Anastasia Ailamaki

www |
WeH 7109
(412) 268-7848
(412) 268-5576
Charlotte Yano - (412) 268-7656
Computer Science Department
School of Computer Science
Carnegie Mellon University
5000 Forbes Avenue
Pittsburgh, PA 15213-3891
Associate Professor, SCS and ECE
Database system design and performance, Cache-Resident Databases, Internet querying,
Workload Characterization

Research Interests:

My research spans several areas of database management systems (DBMSs). The goal is to discover innovative ways to improve database system performance, inspired by the behavior characteristics of popular database applications on modern machines. The long-term research plan is to explore the interaction between database systems and other related areas towards improving performance (compilers, networks) and expanding functionality (artificial intelligence, user interfaces).

I am currently working on the impact of the hardware and operating system on the behavior of database workloads. Hardware has become extremely sophisticated, and it employs many levels of non-blocking memory and highly parallel instruction execution techniques. The operating system and compilers successfully exploit the underlying hardware to deliver the high performance to the application level. This is great, because modern database applications (i.e., geographical/map applications) are computationally intensive, therefore they should fully exploit the new capabilities. But do they?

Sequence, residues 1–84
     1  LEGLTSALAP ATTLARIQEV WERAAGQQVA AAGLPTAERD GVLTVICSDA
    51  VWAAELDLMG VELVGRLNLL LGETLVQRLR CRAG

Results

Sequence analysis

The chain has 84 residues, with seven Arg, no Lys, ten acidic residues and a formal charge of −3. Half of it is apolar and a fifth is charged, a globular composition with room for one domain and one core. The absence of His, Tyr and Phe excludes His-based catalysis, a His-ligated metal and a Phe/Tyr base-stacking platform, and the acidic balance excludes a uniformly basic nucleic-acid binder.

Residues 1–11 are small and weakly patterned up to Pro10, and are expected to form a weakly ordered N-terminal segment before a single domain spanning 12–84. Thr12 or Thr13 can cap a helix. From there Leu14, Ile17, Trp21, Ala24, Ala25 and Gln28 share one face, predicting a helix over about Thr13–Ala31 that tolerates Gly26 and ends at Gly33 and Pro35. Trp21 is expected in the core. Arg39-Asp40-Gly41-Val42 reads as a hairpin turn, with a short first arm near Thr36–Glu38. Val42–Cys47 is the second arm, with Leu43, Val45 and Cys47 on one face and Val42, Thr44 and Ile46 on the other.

Recent studies show that database workloads do not exploit the capabilities of modern machines. For most database applications, an increase in processor speed does not result in a commensurate improvement in application performance. Although commercial database systems such as DB2, Oracle, or SQL Server are easy to install and operate on just about any machine/operating system, in reality database system technology has evolved independently from operating systems and computer architecture; however, its performance still depends much on resource management and the underlying hardware. Therefore, the database system must learn to utilize better the functionality offered by the OS and the hardware. There are two related projects:

Cache-Resident Data Bases (CRDB): It has been proven that database workloads suffer from memory-related delays caused by cache misses. CRDB studies software techniques to provide the performance illusion that the database is entirely in the cache, i.e., avoid or hide the latencies of cache misses. Such techniques include dynamic cache block coloring of instruction, data, and metadata, and prefetching of cache blocks likely to be used next by database algorithms.

Query-Pipeline (Q-Pipe): This large long-term project introduces a revolutionary staged design for high-performance, evolvable DBMS that are easy to tune and maintain. We break the database system into modules and to encapsulate them into self-contained stages connected to each other through queues. The staged, data-centric design remedies the weaknesses of modern DBMS by providing solutions at both a hardware and a software engineering level. There are multiple problems associated with this new database system architecture, ranging from job queueing and scheduling with multiple constraints to multi-query processing and optimization.





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